I glared up at her with an aggravated look on my face. I wanted to tell her to stop asking. She was so pushy. 

Instead I replied through gritted teeth, “Positive.” 

She shrugged it off like my attitude was no big deal, and I hated her even more for it. 

Sure I wished that I had someone who would be there with me in my time of need, but there was no one. My mother had passed away nearly six months earlier, and my grandma was in a nursing home without any recollection of who I was or who she was for that matter. I couldn’t visit her much because her immune system was so low, and lately I’d been very sick. Just weeks ago I’d been to the doctor, but he’d brushed off my sickness as something viral and said that it would run its course. Unfortunately, it had run me into the ground instead.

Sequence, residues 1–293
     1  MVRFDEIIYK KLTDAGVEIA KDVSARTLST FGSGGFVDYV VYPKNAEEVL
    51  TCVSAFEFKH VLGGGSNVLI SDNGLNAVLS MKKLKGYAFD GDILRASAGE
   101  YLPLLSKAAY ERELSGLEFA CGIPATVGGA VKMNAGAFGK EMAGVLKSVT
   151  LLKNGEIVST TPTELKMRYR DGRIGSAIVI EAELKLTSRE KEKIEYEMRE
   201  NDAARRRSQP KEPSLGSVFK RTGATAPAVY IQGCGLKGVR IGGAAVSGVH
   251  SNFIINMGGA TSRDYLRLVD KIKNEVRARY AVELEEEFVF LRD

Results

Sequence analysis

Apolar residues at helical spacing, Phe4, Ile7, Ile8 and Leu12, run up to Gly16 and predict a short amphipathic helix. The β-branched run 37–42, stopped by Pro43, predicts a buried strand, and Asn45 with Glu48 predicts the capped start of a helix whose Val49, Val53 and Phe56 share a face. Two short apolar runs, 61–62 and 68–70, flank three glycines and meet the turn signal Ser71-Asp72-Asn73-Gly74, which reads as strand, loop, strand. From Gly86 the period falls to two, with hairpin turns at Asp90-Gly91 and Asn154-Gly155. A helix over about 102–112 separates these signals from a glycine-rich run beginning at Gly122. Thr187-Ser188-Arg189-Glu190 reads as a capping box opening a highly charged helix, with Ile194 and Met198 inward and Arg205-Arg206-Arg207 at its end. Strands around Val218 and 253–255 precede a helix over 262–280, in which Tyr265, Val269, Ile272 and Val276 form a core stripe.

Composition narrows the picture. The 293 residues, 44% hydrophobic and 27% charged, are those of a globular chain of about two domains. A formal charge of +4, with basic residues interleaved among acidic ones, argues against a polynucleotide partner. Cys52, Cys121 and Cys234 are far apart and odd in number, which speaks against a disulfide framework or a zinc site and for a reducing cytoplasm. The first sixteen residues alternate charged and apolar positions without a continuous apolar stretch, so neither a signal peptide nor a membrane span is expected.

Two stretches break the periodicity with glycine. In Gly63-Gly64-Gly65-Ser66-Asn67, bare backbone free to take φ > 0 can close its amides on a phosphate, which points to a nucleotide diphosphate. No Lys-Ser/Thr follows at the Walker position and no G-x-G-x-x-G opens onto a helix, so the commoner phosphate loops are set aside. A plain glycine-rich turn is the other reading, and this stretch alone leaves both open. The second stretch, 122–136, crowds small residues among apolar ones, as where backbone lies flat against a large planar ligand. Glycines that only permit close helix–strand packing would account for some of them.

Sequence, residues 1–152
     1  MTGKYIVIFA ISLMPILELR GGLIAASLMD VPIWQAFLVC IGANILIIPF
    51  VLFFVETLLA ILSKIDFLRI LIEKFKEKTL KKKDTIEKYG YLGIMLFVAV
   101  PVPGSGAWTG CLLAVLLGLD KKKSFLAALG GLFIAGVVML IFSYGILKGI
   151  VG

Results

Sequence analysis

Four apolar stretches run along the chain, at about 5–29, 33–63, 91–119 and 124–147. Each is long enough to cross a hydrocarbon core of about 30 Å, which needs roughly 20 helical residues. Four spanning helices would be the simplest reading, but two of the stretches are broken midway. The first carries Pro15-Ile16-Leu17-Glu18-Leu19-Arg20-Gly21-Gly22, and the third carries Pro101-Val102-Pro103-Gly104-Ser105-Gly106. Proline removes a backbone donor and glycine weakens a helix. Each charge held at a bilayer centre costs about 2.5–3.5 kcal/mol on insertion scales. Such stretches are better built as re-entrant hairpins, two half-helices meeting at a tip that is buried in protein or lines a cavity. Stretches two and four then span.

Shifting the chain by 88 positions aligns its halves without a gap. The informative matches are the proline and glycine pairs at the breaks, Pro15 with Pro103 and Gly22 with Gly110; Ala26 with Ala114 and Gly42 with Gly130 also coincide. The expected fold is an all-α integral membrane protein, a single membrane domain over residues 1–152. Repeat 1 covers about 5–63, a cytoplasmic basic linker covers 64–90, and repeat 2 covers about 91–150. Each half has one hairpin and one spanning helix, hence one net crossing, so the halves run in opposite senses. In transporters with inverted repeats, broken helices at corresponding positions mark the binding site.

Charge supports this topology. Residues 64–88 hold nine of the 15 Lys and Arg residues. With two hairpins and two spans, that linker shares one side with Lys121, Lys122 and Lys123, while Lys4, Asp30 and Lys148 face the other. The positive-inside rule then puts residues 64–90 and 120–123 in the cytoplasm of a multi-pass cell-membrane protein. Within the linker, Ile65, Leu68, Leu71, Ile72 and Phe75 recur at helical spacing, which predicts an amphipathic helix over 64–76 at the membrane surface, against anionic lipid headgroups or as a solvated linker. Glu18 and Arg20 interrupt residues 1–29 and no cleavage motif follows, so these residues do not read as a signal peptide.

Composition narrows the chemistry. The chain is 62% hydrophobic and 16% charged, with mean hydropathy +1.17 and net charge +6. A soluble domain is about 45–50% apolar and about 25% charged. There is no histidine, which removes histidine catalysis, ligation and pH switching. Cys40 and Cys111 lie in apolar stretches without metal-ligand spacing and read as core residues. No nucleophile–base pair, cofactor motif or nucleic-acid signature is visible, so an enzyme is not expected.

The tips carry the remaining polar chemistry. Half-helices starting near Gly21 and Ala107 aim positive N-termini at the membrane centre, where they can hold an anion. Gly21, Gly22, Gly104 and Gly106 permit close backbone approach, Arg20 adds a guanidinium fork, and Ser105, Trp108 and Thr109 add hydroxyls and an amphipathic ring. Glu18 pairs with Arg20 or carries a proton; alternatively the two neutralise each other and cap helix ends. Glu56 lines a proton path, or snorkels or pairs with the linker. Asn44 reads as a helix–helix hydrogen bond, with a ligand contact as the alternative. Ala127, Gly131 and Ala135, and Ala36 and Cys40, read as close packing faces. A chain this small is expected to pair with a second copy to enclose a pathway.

I’d passed out at work, and woken up inside a hospital room; a hospital room that smelled like death, and only a few bitchy nurses to keep me company. 

I turned over in the uncomfortable bed so that I could face the window. The evening light from the sun was setting and the dark clouds were taking over. No matter how dreary it looked outside I still would’ve rather been out there. I couldn’t rest. The pain in my stomach was keeping me doubled over, and any more encounters with these dingbat nurses and I’d need a sedative.

There was a light tap on the door, but I didn’t bother turning over. I stared off, lost in my own thoughts.

“Ms. Holt?” 

An elder man came into view from the edge of my bed. He was wearing a dress shirt and tie and had long white hair that touched his collar. His eyebrows were raised in question as if he needed me to verify my name. It was obviously written on the chart he was holding in his hands.